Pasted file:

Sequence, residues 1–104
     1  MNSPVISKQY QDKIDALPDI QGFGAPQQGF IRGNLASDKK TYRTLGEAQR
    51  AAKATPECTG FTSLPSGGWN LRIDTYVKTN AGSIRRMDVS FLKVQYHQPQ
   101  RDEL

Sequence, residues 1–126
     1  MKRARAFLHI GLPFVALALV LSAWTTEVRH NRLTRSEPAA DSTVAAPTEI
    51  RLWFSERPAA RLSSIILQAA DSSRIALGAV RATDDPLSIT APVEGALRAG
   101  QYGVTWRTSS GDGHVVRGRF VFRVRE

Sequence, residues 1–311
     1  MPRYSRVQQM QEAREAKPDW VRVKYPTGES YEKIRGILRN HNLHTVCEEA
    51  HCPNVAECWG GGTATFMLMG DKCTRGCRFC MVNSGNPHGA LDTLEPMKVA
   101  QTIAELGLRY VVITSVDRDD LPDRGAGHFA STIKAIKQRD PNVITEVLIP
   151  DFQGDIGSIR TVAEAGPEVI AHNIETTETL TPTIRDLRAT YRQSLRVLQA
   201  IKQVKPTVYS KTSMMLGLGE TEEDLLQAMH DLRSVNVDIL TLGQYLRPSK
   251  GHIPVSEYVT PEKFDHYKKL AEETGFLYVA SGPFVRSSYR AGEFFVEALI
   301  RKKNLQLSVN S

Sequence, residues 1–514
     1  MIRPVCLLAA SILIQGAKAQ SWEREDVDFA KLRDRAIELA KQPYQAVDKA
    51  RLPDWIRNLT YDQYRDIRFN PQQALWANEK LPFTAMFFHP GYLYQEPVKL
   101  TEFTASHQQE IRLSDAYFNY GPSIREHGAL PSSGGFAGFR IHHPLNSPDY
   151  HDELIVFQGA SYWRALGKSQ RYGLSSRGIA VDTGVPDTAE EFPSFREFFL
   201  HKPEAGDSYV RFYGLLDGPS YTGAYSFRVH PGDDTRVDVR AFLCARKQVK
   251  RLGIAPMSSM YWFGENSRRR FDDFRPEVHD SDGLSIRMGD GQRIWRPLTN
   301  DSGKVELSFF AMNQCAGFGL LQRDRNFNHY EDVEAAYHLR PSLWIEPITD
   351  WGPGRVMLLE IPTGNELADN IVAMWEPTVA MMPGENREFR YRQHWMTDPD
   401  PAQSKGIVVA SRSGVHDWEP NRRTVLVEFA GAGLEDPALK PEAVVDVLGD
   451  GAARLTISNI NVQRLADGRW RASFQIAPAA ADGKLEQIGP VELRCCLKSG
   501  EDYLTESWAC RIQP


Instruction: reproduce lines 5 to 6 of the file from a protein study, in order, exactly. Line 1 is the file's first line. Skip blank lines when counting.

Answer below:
Sequence, residues 1–126
     1  MKRARAFLHI GLPFVALALV LSAWTTEVRH NRLTRSEPAA DSTVAAPTEI